From: EZG to GEM

I live in south Ga and have redone 4 or 5 EZGO (36 VOLT) and one Fairplay (48 volt). as soon as I can I’m going to get a GEM car (72 VOLT) I also am going to install some solar panels on the house.

Hi Madmex

Welcome to the forum and you have posted some interesting comments there!

Solar panels are becoming a more popular topic and I was wondering what kind of budget you had for your house and whether you would use the solar panels to assist in recharging your electric vehicle?

I was going to have three small 100w panels just for the carts, but after thinking more about i think I’m going put around $4000 of Solar panels on and wire into the house this year with room for more next year.just to get the tax credit.

Unfortunately, 300 Watts is probably not going to be enough. My GEM eL uses about 3 to 6 kWh to recharge for a 10 to 20 mile run. It takes 4 to 8 hours to do this and the charger draws about 1 kW during the full-current portion of the charge. So to do it right you’d have to be able to generate at least 1 kW for 4 to 8 hours a day to recharge a GEM.

By my estimates, you’d need to do all your driving at night and charge all day unless you have a grid-tied system which uses the grid as its “battery” so you could charge for free at night.

You can’t possibly carry enough panels on the vehicle to recharge any significant amount while driving or parked during the day. Maybe a little charging but not enough to make much difference. Now, if you parked it in the sun for days at a time and only used it occasionally for short trips, you might be OK.

Let’s do the math. Figure the battery capacity is 150 Ah at 72 Volts. That’s 10.8 kWh of which you can safely use about 6-8 kWh. With about 70% efficiency charging you’d need about 8 to 11 kWh to recharge the pack from that low a state of charge. That means you need 8 to 11 hours at 1000 Watts draw from the grid…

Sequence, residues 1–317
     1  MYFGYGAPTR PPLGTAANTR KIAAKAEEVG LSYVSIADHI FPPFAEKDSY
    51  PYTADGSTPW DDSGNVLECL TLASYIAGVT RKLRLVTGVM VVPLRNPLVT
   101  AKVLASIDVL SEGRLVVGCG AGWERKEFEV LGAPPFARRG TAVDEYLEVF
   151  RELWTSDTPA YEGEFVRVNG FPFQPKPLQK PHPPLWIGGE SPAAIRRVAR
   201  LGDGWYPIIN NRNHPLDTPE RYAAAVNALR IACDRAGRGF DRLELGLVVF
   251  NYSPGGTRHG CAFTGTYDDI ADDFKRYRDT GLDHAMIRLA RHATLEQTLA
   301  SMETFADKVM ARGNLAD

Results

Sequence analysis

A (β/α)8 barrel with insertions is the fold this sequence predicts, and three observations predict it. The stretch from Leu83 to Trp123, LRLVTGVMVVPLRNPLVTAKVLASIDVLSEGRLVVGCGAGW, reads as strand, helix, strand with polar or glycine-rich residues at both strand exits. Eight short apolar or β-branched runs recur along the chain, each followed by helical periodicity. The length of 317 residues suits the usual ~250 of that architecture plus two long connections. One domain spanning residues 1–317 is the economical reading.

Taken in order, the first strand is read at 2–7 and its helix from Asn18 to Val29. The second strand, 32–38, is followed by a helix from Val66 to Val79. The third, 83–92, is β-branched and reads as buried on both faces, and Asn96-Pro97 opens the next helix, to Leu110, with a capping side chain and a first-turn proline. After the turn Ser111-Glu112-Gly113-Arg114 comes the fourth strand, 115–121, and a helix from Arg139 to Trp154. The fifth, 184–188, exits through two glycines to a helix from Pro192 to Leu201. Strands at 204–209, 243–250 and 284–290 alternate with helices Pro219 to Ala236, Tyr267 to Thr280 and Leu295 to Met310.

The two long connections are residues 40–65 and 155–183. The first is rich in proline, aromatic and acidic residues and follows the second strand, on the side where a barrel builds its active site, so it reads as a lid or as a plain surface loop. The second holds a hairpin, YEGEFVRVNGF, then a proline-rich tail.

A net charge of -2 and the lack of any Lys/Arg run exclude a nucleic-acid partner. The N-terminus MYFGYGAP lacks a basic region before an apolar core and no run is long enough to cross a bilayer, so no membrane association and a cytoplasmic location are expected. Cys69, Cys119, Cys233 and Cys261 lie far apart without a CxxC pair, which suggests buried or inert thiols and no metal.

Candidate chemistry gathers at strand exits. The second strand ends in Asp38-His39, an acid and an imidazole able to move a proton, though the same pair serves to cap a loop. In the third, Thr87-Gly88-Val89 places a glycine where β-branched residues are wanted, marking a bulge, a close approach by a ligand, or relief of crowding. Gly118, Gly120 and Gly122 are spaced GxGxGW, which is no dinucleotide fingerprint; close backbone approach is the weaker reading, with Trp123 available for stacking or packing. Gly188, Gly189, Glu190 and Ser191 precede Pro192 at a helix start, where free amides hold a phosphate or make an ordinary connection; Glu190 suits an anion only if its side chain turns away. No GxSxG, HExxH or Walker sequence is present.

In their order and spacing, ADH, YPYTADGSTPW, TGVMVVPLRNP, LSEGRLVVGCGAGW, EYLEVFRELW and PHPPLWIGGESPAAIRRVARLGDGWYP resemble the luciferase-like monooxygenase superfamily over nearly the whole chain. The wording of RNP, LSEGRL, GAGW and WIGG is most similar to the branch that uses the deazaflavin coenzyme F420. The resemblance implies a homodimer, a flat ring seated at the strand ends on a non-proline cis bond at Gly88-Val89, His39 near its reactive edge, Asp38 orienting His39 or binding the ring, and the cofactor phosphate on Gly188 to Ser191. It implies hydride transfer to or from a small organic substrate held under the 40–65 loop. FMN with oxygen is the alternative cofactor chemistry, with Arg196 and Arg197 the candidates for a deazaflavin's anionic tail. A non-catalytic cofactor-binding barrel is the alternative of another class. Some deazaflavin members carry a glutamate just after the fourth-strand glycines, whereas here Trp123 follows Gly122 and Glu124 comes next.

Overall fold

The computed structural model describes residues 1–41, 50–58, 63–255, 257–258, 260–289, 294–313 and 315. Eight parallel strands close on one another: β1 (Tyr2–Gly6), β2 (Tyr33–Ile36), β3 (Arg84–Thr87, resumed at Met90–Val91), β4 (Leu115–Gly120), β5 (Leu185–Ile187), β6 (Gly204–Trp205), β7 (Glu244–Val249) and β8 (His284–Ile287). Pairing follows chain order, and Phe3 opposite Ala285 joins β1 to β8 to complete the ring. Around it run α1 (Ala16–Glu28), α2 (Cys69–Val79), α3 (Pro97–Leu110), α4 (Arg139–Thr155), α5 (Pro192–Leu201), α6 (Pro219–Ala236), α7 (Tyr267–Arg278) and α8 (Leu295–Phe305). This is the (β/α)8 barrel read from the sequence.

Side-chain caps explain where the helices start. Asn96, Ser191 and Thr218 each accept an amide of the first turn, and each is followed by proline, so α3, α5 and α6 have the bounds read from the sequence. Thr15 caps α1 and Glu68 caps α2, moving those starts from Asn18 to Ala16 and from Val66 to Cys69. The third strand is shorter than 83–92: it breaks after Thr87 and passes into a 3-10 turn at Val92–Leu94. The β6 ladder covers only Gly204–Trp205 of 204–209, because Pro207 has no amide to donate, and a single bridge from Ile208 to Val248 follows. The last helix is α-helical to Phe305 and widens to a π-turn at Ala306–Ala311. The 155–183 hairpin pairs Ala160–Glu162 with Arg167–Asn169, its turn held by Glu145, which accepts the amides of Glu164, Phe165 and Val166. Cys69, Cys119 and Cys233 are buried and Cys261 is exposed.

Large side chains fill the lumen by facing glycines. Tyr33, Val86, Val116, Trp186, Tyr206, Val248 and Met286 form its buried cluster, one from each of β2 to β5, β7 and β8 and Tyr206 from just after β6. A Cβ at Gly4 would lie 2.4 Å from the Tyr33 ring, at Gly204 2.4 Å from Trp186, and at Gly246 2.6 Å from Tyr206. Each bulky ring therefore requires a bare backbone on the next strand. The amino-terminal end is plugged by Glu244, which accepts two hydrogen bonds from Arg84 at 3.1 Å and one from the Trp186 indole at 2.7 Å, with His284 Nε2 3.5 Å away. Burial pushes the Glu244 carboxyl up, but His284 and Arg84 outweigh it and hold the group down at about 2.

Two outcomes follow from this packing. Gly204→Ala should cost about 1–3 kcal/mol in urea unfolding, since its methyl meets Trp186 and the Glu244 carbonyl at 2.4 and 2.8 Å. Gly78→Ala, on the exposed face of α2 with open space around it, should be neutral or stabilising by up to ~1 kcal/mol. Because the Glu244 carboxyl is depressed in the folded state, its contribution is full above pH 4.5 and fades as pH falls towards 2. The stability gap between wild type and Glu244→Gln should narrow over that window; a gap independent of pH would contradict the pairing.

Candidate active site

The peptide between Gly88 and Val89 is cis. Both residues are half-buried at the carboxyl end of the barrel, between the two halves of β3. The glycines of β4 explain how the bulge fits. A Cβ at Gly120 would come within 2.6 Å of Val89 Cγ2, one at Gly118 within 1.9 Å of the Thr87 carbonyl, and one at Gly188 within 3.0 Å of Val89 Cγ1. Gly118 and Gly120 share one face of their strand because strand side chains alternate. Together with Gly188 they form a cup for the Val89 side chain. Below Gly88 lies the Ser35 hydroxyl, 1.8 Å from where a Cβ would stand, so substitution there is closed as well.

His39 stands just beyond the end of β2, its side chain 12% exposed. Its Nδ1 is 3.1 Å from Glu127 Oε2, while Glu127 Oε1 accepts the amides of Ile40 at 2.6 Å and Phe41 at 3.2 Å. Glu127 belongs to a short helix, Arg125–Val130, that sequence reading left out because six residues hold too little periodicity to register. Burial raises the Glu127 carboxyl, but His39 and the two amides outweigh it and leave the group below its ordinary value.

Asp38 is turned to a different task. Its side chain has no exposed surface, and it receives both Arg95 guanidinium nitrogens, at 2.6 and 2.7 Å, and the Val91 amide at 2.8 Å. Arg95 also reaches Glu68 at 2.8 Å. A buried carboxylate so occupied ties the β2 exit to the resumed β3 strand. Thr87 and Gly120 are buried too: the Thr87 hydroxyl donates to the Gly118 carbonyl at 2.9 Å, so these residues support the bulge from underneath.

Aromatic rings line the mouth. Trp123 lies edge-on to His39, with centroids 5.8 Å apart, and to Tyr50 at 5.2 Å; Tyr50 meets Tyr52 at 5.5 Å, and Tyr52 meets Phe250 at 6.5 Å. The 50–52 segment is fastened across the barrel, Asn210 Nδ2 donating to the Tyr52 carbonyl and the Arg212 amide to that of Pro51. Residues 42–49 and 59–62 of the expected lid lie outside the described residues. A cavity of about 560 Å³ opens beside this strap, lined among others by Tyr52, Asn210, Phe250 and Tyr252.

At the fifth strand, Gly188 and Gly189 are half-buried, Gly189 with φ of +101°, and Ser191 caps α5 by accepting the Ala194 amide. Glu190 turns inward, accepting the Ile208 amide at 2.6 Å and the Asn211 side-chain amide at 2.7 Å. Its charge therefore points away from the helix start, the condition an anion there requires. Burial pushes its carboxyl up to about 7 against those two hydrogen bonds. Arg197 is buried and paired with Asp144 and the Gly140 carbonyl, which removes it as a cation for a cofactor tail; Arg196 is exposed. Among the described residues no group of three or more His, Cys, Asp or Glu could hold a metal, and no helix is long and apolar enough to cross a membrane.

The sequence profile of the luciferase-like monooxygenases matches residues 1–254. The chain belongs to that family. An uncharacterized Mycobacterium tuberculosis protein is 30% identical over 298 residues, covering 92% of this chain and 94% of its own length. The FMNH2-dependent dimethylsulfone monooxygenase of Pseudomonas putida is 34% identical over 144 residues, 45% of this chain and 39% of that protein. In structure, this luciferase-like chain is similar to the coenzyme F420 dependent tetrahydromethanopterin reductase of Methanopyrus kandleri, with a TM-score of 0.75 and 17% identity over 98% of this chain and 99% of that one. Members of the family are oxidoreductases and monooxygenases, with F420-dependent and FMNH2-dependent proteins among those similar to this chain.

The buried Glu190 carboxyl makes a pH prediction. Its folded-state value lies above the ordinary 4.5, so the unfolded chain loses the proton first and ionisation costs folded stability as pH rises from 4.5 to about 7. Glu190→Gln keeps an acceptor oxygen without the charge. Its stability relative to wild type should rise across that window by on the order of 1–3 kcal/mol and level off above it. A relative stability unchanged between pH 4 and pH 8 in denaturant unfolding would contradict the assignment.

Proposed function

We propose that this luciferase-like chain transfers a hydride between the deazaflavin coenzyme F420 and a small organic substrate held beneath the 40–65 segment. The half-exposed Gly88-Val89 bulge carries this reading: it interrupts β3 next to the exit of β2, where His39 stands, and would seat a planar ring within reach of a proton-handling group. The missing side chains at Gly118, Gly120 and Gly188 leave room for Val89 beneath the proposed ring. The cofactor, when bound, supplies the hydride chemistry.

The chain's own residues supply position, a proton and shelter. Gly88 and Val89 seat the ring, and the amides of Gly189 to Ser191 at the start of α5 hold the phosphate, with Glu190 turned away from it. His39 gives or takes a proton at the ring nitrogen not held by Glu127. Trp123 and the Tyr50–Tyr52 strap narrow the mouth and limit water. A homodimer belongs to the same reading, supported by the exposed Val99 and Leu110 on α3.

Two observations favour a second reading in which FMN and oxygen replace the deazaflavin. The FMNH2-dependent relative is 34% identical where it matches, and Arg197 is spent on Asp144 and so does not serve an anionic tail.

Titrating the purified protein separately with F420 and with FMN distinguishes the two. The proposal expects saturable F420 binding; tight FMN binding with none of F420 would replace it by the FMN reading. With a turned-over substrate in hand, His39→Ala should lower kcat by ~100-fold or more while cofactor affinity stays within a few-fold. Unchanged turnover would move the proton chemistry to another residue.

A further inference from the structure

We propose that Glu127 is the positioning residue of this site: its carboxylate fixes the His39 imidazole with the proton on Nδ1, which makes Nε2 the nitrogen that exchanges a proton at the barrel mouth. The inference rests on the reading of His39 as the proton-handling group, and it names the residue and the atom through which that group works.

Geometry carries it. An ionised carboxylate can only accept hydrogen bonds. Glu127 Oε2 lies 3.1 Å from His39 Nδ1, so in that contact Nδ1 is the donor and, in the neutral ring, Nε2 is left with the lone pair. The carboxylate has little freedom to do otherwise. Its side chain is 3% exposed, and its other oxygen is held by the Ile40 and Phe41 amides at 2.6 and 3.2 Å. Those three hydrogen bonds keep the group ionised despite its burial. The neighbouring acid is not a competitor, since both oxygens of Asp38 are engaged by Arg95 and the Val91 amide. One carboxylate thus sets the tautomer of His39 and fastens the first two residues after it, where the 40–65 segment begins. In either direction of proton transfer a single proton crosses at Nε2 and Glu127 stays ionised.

Great to see you “going green” but there are certain immutable laws of physics you have to be aware of and plan for.

Hi Bob.peloquin

You have written some very interesting and very informative comments about solar panels. I was wondering when/if you think solar power technology will improve enough to make a real difference to the process of recharging your electric car?

Recharging on the move would be ideal…but I guess that is still a long way off?

When solar panels with greater than 75% conversion efficiency are developed then we may see them become more prevalent for many power systems but right now we’re stuck with 12-15% efficiency. With a maximum of 1 kW of solar energy falling on each square meter (at the equator), a 6 kWh pack would require making more than 6 kWh of power to charge the battery over the course of a sunny day.

With today’s efficiency of 12-15%, you’d need a lot of panels; more than the vehicle could carry; to do the job. When we get to 75% efficiency someday you’ll begin to see the possibility of at least partial recharging while we’re at work for totally solar-cell-covered NEVs to be practical. But it’s physically impossible to reap enough solar power in the footprint of a regular-sized passenger vehicle to fully charge its battery for anything but a small, light, NEV or similar. There’s just not enough energy available to power the car for something capable of highway speeds in that small a space.

However, solar-powered charging stations with roofs made of high-efficiency solar panels might become practical in sunny parts of the world. Even at that, you’d need to provide enough Kilowatts over a fairly short period to get the vehicle fully charged. This would likely require on-site battery storage or grid-tied solar power systems to make it worthwhile.

If I lived in the sunny south-west parts of the US I’d definitely consider a solar car-port dedicated to this purpose. But here in the cold, wet north-eastern US we just don’t get enough insolation to make it economically feasible with today’s technology. I can’t dedicate most of my back-yard to solar panels just to save a few dollars in electric bills to be “green”.